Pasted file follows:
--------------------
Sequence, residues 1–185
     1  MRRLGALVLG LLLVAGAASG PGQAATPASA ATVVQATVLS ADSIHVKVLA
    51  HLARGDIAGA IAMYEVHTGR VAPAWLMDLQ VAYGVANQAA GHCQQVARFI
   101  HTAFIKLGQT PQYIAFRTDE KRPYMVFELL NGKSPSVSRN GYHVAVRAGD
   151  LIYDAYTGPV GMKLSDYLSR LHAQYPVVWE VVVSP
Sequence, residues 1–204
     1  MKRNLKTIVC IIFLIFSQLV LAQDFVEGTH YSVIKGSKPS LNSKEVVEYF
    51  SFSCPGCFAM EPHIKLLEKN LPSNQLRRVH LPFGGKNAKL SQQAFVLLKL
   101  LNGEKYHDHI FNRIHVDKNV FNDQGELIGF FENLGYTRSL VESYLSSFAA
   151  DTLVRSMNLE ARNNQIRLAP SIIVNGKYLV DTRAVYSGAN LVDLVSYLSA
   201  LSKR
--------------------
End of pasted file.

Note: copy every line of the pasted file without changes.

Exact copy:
Sequence, residues 1–185
     1  MRRLGALVLG LLLVAGAASG PGQAATPASA ATVVQATVLS ADSIHVKVLA
    51  HLARGDIAGA IAMYEVHTGR VAPAWLMDLQ VAYGVANQAA GHCQQVARFI
   101  HTAFIKLGQT PQYIAFRTDE KRPYMVFELL NGKSPSVSRN GYHVAVRAGD
   151  LIYDAYTGPV GMKLSDYLSR LHAQYPVVWE VVVSP
Sequence, residues 1–204
     1  MKRNLKTIVC IIFLIFSQLV LAQDFVEGTH YSVIKGSKPS LNSKEVVEYF
    51  SFSCPGCFAM EPHIKLLEKN LPSNQLRRVH LPFGGKNAKL SQQAFVLLKL
   101  LNGEKYHDHI FNRIHVDKNV FNDQGELIGF FENLGYTRSL VESYLSSFAA
   151  DTLVRSMNLE ARNNQIRLAP SIIVNGKYLV DTRAVYSGAN LVDLVSYLSA
   201  LSKR